The social care industry has reacted with horror at confirmation from the government that funding for developing the social care workforce in England is being halved.
In a White Paper in 2021 the government pledged “at least” £500 million for reforms, to be spent on training places and technology over three years. However that figure is now £250 million, according to the Department for Health and Social Care.
Social care minister Helen Whately (above) said the package announced today “focuses on recognising care with the status it deserves”. She said the reforms focused on the “better use of technology, the power of data and digital care records, and extra funding for councils. The aim was to make a care system to be proud of.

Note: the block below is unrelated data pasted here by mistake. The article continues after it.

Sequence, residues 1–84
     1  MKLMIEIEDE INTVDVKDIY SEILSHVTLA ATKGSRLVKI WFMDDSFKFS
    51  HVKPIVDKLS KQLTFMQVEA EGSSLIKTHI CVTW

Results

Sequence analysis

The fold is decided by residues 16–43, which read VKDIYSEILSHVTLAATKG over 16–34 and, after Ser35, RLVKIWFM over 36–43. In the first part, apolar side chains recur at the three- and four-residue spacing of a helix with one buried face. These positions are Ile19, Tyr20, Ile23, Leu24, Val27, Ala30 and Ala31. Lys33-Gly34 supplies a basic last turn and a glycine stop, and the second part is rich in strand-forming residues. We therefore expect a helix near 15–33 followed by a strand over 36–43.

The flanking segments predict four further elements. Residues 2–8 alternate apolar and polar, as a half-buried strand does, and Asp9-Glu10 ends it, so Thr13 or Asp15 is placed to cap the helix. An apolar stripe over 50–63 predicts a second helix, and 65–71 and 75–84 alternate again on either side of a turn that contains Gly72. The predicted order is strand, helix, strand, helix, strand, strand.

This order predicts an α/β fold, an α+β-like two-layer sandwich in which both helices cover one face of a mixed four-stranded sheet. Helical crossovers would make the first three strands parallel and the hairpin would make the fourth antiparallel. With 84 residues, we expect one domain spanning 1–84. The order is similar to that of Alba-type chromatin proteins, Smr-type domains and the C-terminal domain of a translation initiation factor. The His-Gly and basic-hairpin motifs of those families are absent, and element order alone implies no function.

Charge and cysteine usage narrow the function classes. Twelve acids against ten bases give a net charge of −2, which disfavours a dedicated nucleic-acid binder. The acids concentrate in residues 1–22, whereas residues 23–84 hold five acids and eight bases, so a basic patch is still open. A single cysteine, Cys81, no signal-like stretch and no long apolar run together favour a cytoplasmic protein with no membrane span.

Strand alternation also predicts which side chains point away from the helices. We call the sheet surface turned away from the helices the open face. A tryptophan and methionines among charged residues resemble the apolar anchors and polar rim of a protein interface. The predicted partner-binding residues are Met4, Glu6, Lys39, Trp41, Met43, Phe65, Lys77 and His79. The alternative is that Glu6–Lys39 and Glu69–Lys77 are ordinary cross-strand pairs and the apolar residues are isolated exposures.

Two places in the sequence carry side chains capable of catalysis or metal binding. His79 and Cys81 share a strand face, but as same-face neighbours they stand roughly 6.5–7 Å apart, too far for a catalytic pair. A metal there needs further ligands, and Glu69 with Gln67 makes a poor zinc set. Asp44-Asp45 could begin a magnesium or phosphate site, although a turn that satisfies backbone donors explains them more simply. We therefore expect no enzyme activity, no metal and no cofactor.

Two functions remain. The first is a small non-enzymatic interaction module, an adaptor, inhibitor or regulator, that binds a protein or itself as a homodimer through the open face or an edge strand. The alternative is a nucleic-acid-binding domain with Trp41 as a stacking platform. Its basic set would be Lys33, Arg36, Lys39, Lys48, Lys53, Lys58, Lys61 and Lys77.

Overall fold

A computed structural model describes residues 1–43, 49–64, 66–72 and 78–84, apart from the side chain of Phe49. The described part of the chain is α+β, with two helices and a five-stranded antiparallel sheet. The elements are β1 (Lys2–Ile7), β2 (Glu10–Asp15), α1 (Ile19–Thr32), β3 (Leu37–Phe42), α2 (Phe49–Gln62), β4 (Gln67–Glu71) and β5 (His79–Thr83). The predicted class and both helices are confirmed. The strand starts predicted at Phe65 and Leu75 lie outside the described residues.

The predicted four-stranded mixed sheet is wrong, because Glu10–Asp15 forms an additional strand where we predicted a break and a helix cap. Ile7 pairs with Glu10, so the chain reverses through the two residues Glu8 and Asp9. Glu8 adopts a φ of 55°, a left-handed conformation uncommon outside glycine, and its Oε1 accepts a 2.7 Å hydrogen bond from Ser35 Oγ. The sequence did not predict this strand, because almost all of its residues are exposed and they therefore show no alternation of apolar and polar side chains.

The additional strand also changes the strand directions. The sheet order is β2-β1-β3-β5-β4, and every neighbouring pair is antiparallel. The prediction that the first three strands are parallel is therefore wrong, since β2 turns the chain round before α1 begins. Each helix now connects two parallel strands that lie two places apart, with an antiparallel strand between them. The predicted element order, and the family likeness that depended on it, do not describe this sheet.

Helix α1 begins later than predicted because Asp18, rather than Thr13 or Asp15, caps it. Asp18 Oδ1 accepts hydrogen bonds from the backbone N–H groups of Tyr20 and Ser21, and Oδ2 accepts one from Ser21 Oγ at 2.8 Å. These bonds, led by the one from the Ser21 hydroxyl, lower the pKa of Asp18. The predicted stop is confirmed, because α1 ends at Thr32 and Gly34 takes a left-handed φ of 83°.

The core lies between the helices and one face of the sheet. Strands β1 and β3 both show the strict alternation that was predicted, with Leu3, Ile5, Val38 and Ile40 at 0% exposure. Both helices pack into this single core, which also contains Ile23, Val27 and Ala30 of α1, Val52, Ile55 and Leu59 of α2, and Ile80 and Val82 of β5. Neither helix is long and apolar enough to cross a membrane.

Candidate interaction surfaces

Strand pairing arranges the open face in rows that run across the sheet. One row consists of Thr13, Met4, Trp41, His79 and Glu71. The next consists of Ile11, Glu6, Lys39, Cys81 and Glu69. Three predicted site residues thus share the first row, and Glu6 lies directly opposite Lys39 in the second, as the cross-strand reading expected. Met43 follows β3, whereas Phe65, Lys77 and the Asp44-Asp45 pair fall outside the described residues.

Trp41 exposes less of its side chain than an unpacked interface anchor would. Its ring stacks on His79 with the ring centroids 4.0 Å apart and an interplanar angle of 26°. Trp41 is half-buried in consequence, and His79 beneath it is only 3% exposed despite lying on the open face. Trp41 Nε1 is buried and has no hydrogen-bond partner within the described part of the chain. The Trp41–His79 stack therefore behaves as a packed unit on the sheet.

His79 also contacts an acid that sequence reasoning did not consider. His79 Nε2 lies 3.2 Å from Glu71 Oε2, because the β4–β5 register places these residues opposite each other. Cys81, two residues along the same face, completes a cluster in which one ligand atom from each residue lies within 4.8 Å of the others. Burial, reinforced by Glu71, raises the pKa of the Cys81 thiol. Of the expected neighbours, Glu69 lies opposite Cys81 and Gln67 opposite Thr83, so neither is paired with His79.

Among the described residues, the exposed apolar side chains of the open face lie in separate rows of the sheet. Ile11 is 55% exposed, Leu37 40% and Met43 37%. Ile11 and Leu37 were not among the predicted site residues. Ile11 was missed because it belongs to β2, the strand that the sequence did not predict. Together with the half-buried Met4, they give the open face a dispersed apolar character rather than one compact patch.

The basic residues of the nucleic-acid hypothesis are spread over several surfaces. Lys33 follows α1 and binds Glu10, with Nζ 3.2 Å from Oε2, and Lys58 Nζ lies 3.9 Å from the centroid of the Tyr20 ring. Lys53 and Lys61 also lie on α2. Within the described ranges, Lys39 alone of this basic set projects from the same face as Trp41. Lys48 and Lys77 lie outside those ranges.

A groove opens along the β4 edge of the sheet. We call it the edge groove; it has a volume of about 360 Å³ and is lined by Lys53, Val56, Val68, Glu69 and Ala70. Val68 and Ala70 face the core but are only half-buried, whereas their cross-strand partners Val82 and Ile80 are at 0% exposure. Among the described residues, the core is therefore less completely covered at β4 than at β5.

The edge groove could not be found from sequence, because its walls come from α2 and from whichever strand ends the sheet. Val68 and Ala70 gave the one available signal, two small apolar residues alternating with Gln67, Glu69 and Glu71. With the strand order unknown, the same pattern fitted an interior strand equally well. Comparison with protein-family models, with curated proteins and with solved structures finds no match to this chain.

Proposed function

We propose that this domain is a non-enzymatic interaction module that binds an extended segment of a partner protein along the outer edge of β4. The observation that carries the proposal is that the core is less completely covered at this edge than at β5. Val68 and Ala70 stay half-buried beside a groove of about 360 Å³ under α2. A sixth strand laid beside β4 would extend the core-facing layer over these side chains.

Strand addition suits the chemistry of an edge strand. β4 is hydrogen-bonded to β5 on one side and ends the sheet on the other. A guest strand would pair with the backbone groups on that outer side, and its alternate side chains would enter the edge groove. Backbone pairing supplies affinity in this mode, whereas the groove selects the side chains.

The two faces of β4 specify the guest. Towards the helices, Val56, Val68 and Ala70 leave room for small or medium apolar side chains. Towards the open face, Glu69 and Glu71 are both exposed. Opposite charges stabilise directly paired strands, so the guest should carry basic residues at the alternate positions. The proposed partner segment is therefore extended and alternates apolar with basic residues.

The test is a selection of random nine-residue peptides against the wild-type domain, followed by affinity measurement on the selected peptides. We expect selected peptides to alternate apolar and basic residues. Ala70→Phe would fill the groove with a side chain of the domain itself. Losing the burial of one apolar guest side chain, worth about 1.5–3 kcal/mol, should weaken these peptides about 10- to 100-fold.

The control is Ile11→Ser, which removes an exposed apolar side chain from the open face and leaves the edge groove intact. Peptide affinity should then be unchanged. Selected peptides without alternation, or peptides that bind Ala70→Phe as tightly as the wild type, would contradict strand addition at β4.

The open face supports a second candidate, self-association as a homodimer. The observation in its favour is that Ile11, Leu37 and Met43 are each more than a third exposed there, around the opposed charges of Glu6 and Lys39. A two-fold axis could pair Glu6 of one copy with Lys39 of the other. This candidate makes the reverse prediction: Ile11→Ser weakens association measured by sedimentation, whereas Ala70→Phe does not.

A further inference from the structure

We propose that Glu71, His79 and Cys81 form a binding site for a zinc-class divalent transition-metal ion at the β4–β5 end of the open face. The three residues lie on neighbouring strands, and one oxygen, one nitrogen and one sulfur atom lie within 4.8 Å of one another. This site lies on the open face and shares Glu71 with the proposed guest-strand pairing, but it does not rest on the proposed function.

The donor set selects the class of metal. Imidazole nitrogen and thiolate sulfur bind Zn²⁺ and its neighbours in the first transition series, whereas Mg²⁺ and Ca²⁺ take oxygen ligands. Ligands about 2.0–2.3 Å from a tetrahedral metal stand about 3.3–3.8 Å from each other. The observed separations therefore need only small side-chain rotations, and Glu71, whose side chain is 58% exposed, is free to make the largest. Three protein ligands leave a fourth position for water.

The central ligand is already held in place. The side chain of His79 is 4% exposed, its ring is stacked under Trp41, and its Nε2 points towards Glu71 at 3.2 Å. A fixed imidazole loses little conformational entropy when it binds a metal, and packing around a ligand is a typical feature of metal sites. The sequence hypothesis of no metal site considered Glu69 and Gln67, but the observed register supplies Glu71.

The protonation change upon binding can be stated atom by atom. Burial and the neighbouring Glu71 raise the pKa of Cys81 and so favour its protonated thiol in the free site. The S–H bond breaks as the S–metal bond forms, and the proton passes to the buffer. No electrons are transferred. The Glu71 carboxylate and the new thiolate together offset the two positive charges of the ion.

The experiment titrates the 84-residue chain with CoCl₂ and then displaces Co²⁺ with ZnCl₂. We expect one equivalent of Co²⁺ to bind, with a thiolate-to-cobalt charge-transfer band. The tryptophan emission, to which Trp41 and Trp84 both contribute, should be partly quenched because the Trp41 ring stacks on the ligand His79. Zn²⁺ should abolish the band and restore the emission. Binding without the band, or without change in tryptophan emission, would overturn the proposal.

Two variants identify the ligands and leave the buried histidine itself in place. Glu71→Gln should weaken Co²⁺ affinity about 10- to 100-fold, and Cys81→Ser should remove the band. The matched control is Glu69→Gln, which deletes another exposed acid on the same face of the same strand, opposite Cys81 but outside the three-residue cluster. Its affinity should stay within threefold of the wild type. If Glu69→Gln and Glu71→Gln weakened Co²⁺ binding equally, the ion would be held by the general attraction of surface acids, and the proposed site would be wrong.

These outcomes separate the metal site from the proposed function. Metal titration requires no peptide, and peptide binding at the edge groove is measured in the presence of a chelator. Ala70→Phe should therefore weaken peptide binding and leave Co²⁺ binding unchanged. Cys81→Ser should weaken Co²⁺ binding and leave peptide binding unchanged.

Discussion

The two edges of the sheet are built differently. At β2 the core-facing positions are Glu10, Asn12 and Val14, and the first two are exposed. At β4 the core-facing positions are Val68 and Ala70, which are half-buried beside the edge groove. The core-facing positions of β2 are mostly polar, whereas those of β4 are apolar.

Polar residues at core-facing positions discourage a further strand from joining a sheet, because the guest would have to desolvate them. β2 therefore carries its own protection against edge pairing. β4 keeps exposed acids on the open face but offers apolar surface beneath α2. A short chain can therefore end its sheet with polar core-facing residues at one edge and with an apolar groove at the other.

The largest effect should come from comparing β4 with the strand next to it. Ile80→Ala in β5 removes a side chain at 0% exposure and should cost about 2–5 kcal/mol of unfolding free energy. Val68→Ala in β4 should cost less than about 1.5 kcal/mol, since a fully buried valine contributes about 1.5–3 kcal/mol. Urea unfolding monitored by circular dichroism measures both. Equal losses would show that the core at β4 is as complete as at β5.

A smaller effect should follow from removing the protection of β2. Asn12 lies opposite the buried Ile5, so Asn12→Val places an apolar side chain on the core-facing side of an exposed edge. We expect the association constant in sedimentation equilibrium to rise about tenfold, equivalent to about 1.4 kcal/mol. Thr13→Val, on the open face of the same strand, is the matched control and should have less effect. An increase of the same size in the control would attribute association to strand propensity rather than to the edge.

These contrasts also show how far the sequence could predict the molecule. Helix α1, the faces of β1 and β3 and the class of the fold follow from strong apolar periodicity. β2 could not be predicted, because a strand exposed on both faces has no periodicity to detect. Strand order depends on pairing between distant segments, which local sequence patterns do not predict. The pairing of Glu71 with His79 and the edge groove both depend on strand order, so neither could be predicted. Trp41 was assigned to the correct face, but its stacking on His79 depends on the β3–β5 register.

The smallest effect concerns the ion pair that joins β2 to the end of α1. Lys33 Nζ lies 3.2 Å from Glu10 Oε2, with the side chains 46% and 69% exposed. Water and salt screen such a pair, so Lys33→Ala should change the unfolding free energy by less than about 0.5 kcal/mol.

The Department for Health and Social Care insists that all the promised money will stay within social care and that it has yet to allocate the full budget.
Caroline Abrahams, charity director of Age UK, sais she was disappointed that the plans did not include pay rises for care staff.
“You just can’t provide really good care, tailored to people’s needs and aspirations if you haven’t got the staff to do it,” she said.
Last month a report from Care England and learning disability charity HFT described the adult social care sector as ‘on the brink’.